Outsourcing, telecommuting and e-mail dependence is on the rise while security expenditure is falling. Businesses in the Australian state of New South Wales (NSW) are also struggling to retain IT staff, according to a report released this week.
The report supports claims that outsourcing is inhibiting the industry’s ability to retain skilled staff, noting that “the increasing trend to outsource IT work mirrors the struggle NSW businesses face to recruit IT workers.”
Titled “Getting a Grip on IT”, the study on business attitudes to IT in NSW was conducted by the Sydney Chamber of Commerce and IT services and consultancy firm Unisys.
It notes a third of NSW businesses struggle to recruit IT staff, while over half (53 percent) outsource their work, up 33 percent from last year. SMEs are increasingly outsourcing their IT needs, which has previously been a concern of large enterprise. The report found two-thirds of businesses use telecommuting, up 36 percent on last year and 60 percent on 2004.
Chamber CEO Margy Osmond said the increased use of e-mail, combined with telecommuting, has extended employee work hours.
“The continuing rise in [telecommuting] first identified last year [has] many employees becoming ‘slaves’ to their in-box,” Osmond said. “More than half of those surveyed indicated concern over e-mail volumes.”
She said that only 64 percent of respondents have a policy regarding e-mail and Internet use – which means just over a third do not.
“Some businesses are now trying to tackle e-mail overload and coming up with policies specifically designed to reduce message volume,” she said.
The research states that despite exponential increases in IT expenditure and wide (90 percent) concern over Internet security, a quarter of respondents have spent less than $1000 on increasing protection.
Unisys Australia-New Zealand managing director Steve Parker said limited security budgets are a poor reflection on IT business standards.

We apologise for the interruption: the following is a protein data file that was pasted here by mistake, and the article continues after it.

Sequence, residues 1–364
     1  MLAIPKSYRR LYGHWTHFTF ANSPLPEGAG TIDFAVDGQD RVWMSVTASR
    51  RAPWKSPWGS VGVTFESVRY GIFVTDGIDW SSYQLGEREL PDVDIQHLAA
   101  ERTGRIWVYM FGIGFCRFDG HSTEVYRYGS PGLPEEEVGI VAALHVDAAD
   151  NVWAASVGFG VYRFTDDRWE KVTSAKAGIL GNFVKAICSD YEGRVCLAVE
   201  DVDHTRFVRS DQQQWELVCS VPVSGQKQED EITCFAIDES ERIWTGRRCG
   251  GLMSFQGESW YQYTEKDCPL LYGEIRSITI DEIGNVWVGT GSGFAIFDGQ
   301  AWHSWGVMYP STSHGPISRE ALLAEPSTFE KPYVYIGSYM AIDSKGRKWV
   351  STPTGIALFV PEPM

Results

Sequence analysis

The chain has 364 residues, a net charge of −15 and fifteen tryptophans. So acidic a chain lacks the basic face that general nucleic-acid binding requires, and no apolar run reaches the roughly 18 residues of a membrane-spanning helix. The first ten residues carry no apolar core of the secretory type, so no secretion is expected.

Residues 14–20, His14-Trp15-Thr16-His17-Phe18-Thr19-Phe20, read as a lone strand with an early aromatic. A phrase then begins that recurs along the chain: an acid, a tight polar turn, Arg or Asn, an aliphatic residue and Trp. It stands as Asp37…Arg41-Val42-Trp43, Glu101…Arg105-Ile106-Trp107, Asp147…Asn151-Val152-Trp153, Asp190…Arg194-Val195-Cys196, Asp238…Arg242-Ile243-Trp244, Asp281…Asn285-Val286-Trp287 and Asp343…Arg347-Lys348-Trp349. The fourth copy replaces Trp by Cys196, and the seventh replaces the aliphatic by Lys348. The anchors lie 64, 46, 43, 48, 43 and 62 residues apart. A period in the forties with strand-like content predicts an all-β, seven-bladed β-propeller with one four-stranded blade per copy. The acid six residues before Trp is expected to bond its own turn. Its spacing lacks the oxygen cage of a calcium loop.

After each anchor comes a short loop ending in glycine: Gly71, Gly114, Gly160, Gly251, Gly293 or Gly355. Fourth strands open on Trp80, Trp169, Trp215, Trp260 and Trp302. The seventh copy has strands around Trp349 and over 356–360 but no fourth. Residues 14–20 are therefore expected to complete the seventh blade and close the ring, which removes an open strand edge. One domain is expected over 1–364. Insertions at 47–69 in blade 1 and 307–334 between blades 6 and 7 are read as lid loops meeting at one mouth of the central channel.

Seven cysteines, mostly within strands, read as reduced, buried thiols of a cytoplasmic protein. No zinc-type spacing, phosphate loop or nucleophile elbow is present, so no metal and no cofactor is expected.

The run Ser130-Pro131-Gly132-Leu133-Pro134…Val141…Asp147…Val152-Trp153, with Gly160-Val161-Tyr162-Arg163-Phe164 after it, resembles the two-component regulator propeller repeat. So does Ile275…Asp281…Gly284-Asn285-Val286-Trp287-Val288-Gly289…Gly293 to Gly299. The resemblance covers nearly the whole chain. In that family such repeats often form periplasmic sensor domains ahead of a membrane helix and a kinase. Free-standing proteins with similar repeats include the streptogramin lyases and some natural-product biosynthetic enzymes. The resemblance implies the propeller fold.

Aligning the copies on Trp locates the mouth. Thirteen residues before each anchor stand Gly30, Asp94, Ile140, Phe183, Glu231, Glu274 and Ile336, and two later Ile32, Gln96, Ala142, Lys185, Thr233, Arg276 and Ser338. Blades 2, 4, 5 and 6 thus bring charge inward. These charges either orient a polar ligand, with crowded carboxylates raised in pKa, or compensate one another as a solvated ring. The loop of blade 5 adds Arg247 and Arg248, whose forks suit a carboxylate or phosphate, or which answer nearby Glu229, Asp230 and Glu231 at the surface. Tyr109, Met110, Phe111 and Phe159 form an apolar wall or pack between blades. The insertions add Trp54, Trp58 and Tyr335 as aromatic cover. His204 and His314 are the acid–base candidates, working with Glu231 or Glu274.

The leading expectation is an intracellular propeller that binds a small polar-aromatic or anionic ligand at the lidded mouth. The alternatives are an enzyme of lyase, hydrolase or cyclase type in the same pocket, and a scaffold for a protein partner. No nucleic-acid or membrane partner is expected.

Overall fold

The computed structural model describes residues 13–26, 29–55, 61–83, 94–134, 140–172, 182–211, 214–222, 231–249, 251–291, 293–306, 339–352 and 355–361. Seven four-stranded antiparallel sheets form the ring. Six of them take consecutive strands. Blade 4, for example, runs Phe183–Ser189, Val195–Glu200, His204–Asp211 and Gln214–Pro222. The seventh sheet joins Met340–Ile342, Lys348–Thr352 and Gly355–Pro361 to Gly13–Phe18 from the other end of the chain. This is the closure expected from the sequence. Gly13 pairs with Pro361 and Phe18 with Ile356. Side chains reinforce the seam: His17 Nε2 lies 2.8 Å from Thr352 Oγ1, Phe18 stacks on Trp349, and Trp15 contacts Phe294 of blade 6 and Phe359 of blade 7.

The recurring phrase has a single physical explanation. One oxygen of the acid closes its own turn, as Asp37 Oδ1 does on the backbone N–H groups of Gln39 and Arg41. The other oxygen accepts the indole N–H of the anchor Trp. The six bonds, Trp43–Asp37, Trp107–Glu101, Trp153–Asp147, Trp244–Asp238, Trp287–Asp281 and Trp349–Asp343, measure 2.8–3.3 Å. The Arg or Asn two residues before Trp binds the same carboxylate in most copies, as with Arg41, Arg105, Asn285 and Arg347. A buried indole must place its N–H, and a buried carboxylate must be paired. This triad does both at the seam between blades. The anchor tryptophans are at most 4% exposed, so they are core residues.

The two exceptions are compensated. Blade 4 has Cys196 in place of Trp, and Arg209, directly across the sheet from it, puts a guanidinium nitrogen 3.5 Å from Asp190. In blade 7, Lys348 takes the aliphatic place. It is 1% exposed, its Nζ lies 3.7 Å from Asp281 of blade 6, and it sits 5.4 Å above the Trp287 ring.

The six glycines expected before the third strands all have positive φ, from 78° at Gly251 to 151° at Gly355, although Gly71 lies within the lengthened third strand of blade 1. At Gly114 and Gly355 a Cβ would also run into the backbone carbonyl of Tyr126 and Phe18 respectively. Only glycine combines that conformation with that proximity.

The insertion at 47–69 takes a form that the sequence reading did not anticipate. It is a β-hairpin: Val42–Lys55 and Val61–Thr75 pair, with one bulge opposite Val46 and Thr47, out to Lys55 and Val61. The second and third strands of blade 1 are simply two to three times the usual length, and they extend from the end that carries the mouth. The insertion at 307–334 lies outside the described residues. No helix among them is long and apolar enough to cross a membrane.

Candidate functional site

“Even in light of this overall increase in IT investment, businesses do not seem to be spending adequately on security,” he said. “It is incumbent on business and government to ensure secure solutions and services.”
There were 280 respondents to the statewide survey.
Regional areas hit hardest by skills shortage Tweed Shire Council acting CIO John Bruggy agreed with the survey results, saying the skills shortage in local government, and the shire in particular, is acute.
“We have a real problem in recruiting skilled staff and a greater problem retaining them,” Bruggy said, adding that much of the difficulty is money-related as neighboring councils can offer “considerably more”.
“So it’s very difficult for us,” he said. “In particular our business systems [Technology One’s Finance One and Proclaim One] – finding skilled people with knowledge of those systems is difficult. The skills base is not there.”
Bruggy said there seems to be a general skills shortage in the local government sector, which affects regional areas more because money-wise, they can’t compete.
“It’s a general thing but has a greater impact on regional areas,” he said. “In the past we offered a change of lifestyle but that doesn’t cut it anymore because it costs a lot to live here now.”
The problem has also extended to security, where the council is behind schedule in implementing its security policies. This comes back to being under-resourced. “That has a direct impact on our ability to be at the level we want to be,” Bruggy said.
Rodney Gedda of Computerworld Australia contributed to this report.